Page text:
Vickers Wellington Mk IC
Vickers Wellington Mk IC L7818 AA-R
75 Squadron, Sgt ‘Jimmy’ Ward Victoria Cross, RAF Feltwell, 7th July 1941.
Famously designed by Barnes Wallis the Vickers Wellington Mk IC featured a geodetic construction and was almost entirely fabric covered unlike its Bomber Command contempories the Lancaster, Halifax, and Stirling. The prototype first flew from Vickers Brooklands aerodrome on June the 15th 1936 piloted by Mutt Summers (test pilot of the Spitfire) who was accompanied by Barnes Wallis.
On October the 10th 1938 Wellingtons entered squadron service. Less than a year later they would be used in the first large scale operational sorties of World War II.
On the night of the 7th / 8th of July 1941 Wellington L7818 of No 75 (NZ) Squadron took part in a raid on the town of Münster. While returning from the raid the aircraft was attacked by a Messerschmitt Bf 110 over the Zuider Zee, the rear-gunner was wounded, the aircraft suffered heavy damage, and the starboard wing set ablaze. The crew were preparing to abandon the aircraft but sergeant James ‘Jimmy’ Ward who was a second pilot in the Wellington volunteered to go out on the wing and try to smother the flames with a cockpit cover which had served in the plane as a cushion. Attached to a rope and with the help of the navigator, he climbed through the narrow astro-hatch – far from easy in flying gear, even on the ground – put on his parachute, kicked holes in the Wellington’s covering of fabric to get foot and hand-holds on the geodetic lattices, and descended three foot to the wing with the aircraft flying at several thousand feet, and at over one hundred miles per hour. He then worked his way along to behind the engine, and, despite the fierce slipstream from the propeller, managed while lying down to smother the fire. Isolated from the leaking petrol pipe, this later burnt itself out. Ward was exhausted and suffering from extreme cold returned to the astro-hatch with great difficulty: “the hardest of the lot,” he wrote, “was getting my right leg in. In the end the navigator reached out and pulled it in.” Despite all the damage, the aircraft got home to a make an emergency landing at Newmarket.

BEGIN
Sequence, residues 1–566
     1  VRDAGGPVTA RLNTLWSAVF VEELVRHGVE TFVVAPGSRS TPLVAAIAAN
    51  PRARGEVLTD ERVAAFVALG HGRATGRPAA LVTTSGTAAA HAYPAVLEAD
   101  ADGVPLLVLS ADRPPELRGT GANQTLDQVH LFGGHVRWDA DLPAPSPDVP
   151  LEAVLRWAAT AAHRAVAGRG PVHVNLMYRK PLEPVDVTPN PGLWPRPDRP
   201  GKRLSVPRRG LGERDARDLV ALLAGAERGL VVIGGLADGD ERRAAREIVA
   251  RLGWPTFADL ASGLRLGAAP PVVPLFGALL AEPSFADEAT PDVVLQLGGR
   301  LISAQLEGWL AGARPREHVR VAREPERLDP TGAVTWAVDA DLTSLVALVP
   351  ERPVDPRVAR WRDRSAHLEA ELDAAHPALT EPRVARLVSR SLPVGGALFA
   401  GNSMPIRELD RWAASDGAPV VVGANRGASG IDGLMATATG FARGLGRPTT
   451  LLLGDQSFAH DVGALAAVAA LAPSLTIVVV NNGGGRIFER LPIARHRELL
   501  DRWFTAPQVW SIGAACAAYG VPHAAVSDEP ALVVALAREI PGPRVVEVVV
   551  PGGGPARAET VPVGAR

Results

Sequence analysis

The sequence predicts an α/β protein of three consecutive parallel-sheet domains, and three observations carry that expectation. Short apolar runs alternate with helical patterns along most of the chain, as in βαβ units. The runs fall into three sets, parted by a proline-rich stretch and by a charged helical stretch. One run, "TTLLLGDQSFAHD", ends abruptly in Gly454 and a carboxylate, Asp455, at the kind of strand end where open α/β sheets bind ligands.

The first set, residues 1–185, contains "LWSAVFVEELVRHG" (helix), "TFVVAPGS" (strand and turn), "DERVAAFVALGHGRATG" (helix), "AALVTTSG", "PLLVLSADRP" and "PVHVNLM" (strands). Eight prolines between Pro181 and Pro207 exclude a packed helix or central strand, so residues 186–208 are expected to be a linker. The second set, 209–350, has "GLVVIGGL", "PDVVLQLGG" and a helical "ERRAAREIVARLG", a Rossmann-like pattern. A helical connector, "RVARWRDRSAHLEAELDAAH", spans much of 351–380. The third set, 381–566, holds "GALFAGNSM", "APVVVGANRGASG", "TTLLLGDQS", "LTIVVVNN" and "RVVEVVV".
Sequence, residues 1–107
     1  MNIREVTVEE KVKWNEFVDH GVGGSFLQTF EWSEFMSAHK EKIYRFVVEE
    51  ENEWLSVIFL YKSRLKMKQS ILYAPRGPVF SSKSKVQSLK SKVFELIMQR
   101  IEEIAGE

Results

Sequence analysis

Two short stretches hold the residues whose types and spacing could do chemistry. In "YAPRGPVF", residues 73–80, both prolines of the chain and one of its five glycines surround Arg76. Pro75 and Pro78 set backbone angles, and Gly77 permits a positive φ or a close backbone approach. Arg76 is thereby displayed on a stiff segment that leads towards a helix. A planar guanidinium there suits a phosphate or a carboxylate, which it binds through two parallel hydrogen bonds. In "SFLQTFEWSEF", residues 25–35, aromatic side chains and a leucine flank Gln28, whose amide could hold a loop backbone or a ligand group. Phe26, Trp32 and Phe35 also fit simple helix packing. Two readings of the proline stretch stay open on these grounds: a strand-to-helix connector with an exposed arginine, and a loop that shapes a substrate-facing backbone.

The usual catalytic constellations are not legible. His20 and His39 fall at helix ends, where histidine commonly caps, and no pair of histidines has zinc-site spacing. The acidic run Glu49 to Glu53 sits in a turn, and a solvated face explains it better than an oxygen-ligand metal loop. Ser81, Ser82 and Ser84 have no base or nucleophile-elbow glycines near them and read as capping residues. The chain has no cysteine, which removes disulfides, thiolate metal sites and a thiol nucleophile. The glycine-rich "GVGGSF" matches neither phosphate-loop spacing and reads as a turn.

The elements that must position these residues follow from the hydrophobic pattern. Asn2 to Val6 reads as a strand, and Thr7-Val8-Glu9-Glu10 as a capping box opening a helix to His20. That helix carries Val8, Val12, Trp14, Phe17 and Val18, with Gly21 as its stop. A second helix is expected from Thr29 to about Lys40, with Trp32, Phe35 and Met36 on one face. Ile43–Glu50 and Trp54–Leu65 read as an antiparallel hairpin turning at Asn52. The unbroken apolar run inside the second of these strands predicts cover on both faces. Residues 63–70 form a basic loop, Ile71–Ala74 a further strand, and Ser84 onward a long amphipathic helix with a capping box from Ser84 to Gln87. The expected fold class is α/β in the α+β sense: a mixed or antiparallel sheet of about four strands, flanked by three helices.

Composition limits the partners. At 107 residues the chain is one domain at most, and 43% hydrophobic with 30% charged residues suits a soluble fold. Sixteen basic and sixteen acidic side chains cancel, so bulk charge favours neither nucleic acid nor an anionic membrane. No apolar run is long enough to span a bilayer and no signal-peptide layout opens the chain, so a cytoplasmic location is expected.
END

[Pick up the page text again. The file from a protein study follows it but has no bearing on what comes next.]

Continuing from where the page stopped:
This deed performed by Ward, a young schoolmaster before the war, earned him the Victoria Cross, sadly, Sergeant Ward was killed on a Hamburg raid only ten weeks later – before he received his Victoria Cross.
Scale 1:144 Wingspan 7.18″ (182 mm)
Base size 6.37″ (162 mm) square (No. 4)
Weight not including base 7.5 ozs (213 grams) Limited edition of 100 only